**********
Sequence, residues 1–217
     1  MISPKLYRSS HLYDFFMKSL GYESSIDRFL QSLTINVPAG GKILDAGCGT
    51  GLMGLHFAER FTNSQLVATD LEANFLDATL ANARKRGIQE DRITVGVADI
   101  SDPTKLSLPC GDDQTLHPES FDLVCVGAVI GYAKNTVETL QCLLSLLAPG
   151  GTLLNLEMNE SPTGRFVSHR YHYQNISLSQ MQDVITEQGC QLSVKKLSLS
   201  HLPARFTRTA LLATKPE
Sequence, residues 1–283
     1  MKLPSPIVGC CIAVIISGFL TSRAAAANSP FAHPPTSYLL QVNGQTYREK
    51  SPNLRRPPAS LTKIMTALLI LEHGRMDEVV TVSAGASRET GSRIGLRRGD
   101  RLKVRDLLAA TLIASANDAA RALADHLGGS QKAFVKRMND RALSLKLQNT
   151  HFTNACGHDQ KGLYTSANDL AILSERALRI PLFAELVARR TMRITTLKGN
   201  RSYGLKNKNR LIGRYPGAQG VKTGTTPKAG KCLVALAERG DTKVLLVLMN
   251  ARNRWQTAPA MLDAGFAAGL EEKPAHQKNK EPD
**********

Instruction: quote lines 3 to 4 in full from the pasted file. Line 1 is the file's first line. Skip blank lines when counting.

    51  GLMGLHFAER FTNSQLVATD LEANFLDATL ANARKRGIQE DRITVGVADI
   101  SDPTKLSLPC GDDQTLHPES FDLVCVGAVI GYAKNTVETL QCLLSLLAPG